Now, Sangh outfits allege conspiracy in state govt decision to open temples

Now, Sangh outfits allege conspiracy in state govt decision to open temples
The Guruvayur Sree Krishna Temple. File photo: Manorama

For the Kerala government, once mauled for backing women's entry into Sabarimala, the opening of places of worship is a classic case of 'heads they win, tails we lose'.

After the Centre decided to open places of worship to devotees, it looked like the State Government had no choice. There was a realisation that any sign of hesitation could be politically counterproductive.

And by then, after the liquor ban was removed, various religious bodies and their heads - Cardinal George Alencherry of the Syro-Malabar Church, the All India Imam Council, Samastha Kerala Sunni Federation and Travancore Devaswom Board - had also been publicly urging the government to open places of worship.

Now when the places of worship are about to open, that too with more restrictions than even the Centre had insisted, the Pinarayi Vijayan government has found itself on the devil's side.

Sangh Parivar organisations have been the first to point their accusing fingers. Hindu Aikya Vedi sees a conspiracy in the government's move to open temples. Vishwa Hindu Parishad (VHP) and Kshethra Samrakshana Samithi (KSS) have declared that temples under their control would remain shut. The KSS wants the government to call off the decision.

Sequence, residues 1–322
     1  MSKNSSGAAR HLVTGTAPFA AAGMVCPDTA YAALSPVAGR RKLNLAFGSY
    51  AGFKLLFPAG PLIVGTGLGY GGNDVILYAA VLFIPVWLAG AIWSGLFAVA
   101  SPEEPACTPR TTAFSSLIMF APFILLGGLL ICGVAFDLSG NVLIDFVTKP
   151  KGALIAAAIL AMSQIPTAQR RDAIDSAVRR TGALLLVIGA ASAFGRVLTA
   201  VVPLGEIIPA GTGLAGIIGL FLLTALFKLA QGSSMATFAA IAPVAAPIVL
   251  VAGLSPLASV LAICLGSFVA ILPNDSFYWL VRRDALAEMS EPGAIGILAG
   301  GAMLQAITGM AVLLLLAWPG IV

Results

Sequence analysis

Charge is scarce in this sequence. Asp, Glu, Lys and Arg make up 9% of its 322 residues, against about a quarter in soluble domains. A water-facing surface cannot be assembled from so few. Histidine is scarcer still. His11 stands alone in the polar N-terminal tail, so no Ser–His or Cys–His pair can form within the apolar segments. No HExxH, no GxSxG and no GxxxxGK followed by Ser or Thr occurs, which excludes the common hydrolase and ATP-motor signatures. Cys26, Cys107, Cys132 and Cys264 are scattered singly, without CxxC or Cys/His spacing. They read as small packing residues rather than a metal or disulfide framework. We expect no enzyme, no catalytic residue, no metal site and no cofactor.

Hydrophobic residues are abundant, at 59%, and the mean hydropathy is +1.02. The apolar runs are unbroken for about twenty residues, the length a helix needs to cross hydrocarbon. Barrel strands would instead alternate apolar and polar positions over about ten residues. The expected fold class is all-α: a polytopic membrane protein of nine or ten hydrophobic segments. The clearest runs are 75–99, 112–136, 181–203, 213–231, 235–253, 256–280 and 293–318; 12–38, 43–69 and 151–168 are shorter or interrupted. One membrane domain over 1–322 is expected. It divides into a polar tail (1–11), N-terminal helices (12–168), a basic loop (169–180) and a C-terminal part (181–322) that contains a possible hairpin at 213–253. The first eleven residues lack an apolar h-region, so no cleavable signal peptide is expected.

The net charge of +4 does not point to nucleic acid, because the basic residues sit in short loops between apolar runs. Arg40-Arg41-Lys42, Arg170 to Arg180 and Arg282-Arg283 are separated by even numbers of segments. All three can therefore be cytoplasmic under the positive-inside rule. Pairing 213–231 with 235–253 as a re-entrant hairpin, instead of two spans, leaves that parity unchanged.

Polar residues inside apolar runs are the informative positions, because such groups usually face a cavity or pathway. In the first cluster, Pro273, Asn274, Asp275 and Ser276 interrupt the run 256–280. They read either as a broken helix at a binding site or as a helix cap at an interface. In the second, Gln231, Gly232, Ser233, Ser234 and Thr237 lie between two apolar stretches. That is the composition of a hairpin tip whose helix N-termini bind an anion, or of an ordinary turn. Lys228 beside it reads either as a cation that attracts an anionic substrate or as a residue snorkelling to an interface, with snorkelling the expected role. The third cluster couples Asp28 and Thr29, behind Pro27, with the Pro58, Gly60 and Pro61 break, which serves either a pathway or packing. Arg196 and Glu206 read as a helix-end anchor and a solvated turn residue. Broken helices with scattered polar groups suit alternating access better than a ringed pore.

The Akhila Kerala Thantri Samajam, an influential body of Hindu priests, has also written to the Chief Minister telling him there was no need for any immediate relaxation.

Hindu Aikya Vedi's R V Babu said Hindu religious heads or representative bodies had no role in the government decision to open temples. "This is nothing but an attempt to save the devaswom boards," Babu said.

According to him, the general opinion in the Hindu community is that it was inappropriate to open temples in such a situation. Babu welcomed the decision of the VHP and the KSS to keep shut temples under their control.

"Private temples that witness huge crowds, too, should decide against opening," Babu said. Nonetheless, Babu stopped short of demanding that Guruvayur Sree Krishna Temple and Sabarimala, both of which are under government-controlled devaswoms, should not be re-opened. Both these temples are set to open on June 14.

In fact, all the 1000-odd temples under Travancore Devaswom Board will open on June 9.

Babu said COVID-19 infection from a temple could lead to the shutting down of the temple.

Irony is, it were senior BJP leaders like P P Mukundan who had questioned the restrictions imposed on the conduct of the annual Kottiyoor Vysakha Mahotsavam this month. Mukundan had called the restrictions "deplorable" and a "betrayal of the faithful".

The Sangh Parivar's objection to the opening of the places of worship has come close on he heels of certain Muslim and Christian denominations refusing to open mosques and churches under them for at least a month.

Devaswom minister Kadakampally Surendran called the new stand of Hindu organisations a 'volte face' and said the government was only happy to keep places of worship closed when the virus spread was getting dangerous.

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